6G explained

Gaurav Mohan, VP Sales, SAARC & Middle East, NETSCOUT reflects on the evolution towards 6G and what advances this futuristic technology will bring.

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Only 30% of the world’s countries currently have access to 5G. While governments and businesses are still evaluating the improvements 5G brings to their organizations; the term 6G has entered the conversation. The world’s leading nations and tech companies are racing to grab the 6G sweepstakes about to hit the tech world. The UAE’s major telecom Etisalat has already announced its ambitious 6G plans in June 2021. The carrier has said it is upgrading the capabilities of its R&D centre in preparation for 6G implementation.

As the name suggests, 6G will be the sixth generation of wireless technology. A new generation happens approximately every ten years. The critical feature of each new technology is the increased spectral efficiency that allows transmission of more information using the same amount of resources.Gaurav Mohan, VP Sales, SAARC & Middle East, NETSCOUT

 The Evolution towards 6G

  •     1G:This generation was optimized for voice communications and not much else.


  •     2G:In addition to voice, 2G made mobile texting (SMS) commonplace, with many mobile users also sending pictures and multimedia messages. 2G also introduced digital standards and protocols such as GSM, CDMA, GPRS, and EDGE. Mobile services using global positioning systems (GPS) also became a reality.


  •     3G:Built on the previous generations, 3G enabled video conferencing, video streaming, mobile internet, and voice over IP (VoIP). With the standardization of web connectivity and expansion of GPS capabilities, international roaming services became a reality.


  •     4G:4G is the long-term evolution (LTE) generation of mobile telecommunications and added mobile ultra-broadband internet access to mobile devices. 4G technology-enabled high-quality video streaming to facilitate gaming services, high-definition videos, and high-quality video conferencing. Introduced in 2009, 4G is more than a decade old.


  •     5G:Although 4G continues to improve the delivery of voice, data, and lightweight video streaming that consumers are currently using, 5G—introduced in 2020—tackles the heavy-hitting applications: virtual reality, enterprise Internet of Things (IoT), ultra-high-definition video, semi-autonomous vehicles, and other use cases that demand the increased speed, capacity, and real-time capabilities 4G can’t deliver.

6G: A step further

 6G is expected to arrive by 2030, and it is important to understand how it will build on the advances 5G has made in terms of speed and capacity. Although it is still in the theoretical and development stage, we know that 6G will start where the 5G specifications end. 6G is predicted to operate in higher frequencies—the terahertz (THz) spectrum—with lower latency than 5G.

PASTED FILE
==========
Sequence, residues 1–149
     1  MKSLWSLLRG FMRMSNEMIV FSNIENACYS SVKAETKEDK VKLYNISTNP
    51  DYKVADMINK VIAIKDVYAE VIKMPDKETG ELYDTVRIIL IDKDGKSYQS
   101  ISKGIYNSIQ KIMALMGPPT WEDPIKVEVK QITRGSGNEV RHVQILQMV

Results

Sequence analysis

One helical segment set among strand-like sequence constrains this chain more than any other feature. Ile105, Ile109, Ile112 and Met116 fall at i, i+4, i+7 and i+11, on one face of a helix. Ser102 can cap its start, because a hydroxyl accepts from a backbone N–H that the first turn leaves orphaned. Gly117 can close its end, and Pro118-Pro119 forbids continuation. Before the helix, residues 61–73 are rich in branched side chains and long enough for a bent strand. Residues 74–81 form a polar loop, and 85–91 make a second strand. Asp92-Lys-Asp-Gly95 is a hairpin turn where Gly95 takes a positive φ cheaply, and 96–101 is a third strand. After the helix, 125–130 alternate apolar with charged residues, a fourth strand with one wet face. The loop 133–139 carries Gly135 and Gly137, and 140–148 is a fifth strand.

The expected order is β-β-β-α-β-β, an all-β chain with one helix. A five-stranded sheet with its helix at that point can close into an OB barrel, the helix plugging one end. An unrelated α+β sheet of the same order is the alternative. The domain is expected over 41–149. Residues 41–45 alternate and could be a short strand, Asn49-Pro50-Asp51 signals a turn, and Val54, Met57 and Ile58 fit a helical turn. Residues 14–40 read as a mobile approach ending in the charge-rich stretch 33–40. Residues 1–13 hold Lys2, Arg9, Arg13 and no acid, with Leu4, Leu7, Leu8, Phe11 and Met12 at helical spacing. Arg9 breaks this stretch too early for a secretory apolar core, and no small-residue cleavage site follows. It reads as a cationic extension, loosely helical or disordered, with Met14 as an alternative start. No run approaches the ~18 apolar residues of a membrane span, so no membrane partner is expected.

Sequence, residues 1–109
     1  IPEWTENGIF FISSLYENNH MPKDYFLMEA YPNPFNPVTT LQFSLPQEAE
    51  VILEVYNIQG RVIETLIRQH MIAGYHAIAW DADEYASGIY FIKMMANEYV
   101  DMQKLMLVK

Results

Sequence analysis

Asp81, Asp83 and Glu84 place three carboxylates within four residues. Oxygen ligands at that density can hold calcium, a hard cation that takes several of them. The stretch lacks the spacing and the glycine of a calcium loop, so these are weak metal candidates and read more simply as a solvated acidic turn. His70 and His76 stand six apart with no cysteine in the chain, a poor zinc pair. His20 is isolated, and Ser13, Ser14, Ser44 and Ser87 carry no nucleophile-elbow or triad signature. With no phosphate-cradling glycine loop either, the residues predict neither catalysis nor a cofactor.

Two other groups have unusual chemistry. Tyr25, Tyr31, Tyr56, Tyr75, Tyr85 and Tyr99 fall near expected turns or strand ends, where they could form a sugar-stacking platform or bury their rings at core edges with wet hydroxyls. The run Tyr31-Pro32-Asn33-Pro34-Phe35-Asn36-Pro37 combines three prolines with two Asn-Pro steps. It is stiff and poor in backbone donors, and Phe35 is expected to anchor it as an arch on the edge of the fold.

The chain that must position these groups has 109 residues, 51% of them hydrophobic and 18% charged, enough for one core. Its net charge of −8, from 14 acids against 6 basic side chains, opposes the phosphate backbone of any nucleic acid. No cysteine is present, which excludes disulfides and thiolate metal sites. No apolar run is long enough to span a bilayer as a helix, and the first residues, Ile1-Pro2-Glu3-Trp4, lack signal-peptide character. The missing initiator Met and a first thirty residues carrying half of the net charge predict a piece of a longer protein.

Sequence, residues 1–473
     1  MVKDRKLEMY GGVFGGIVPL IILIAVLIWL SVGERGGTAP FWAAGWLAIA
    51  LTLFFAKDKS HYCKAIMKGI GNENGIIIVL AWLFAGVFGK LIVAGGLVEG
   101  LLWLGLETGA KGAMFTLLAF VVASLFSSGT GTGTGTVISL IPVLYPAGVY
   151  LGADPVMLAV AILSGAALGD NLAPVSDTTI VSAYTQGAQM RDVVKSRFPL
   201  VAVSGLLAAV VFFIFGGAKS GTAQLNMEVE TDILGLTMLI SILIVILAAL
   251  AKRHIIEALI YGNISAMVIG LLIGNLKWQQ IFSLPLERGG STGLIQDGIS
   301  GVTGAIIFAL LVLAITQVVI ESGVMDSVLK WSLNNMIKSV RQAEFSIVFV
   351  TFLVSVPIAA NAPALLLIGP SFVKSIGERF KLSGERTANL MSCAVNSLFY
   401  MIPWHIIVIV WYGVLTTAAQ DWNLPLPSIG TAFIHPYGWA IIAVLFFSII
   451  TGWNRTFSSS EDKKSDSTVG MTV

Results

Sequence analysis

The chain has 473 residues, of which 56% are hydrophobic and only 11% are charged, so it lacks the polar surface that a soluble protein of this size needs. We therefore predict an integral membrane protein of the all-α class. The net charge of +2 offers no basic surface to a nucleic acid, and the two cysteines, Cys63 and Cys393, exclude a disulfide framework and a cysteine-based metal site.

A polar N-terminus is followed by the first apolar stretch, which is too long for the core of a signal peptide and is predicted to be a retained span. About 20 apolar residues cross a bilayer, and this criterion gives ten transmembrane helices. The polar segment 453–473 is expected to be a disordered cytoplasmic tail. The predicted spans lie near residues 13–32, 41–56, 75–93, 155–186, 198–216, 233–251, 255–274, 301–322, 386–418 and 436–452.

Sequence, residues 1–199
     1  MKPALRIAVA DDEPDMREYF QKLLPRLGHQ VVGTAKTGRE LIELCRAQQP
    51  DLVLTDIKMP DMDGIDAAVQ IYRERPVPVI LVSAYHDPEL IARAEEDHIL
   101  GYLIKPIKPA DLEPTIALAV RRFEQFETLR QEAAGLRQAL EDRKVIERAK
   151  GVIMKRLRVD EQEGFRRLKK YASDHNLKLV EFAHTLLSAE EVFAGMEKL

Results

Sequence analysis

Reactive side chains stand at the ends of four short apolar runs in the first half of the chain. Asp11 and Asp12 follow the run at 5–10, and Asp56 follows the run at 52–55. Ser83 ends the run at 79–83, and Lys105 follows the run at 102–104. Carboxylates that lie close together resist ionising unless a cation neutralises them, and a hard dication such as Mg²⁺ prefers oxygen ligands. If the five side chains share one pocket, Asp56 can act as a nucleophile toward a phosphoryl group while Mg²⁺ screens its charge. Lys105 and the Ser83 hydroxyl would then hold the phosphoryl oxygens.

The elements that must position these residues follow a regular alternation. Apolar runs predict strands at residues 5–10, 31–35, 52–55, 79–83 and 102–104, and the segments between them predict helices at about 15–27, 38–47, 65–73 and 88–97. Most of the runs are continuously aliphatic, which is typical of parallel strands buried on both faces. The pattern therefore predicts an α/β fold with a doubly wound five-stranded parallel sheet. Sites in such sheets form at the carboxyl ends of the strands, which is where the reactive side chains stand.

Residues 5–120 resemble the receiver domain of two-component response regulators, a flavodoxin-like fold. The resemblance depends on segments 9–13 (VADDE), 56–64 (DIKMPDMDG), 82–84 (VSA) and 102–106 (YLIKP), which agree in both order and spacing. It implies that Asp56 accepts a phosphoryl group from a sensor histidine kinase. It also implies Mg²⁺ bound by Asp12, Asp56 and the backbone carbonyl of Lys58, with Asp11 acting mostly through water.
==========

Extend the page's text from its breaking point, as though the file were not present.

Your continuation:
What Advances Will 6G Bring? 

6G networks are expected to support data rates of 1 terabit per second (Tbps) – that’s a massive 1,000,000 Mbps and is thus very fast.

6G will also transform the operations of many industries and our everyday life. Industry experts believe that advancements in 6G will give way to holographic-type communications. This could mean a new age for integrated remote learning, geographically dispersed team meetings, telemedicine, museum exhibits– and this is just the beginning. The things we’re just doing now could be commonplace with 6G.

Moreover, 6G will bring about five-sense networks with fully tactile haptics. 6G will redefine virtual reality. Users will be able to see, hear, touch, smell, and taste their VR experience. This will significantly enhance gaming experiences. Moreover, this has applications within prosthetics as well. Prosthetic users could have seamless—possibly even neurological—integration with their devices and instantaneous response, perhaps using Wi-Fi implants.

Additionally, 6G is likely to allow ICT improvements to critical infrastructure. And will also help bridge the digital divide. As networks become easier and cheaper to deploy, coverage will expand. With networks moving from hardware to software, overall costs for CSPs and end-users could drop as well.

Autonomous vehicles and planes are possible with the network coverage, data capacity, and low latency brought about by 6G. In line with the global and emphasis on sustainability, 6G builds further on 5G’s benefits to the environment, as it involves improvements in automation and allows communications service providers (CSPs) to reuse network equipment.

One way to consider 6G possibilities is to think of the modern conveniences and capabilities we still think of as “futuristic” or science fiction. 6G promises to make that future possible.


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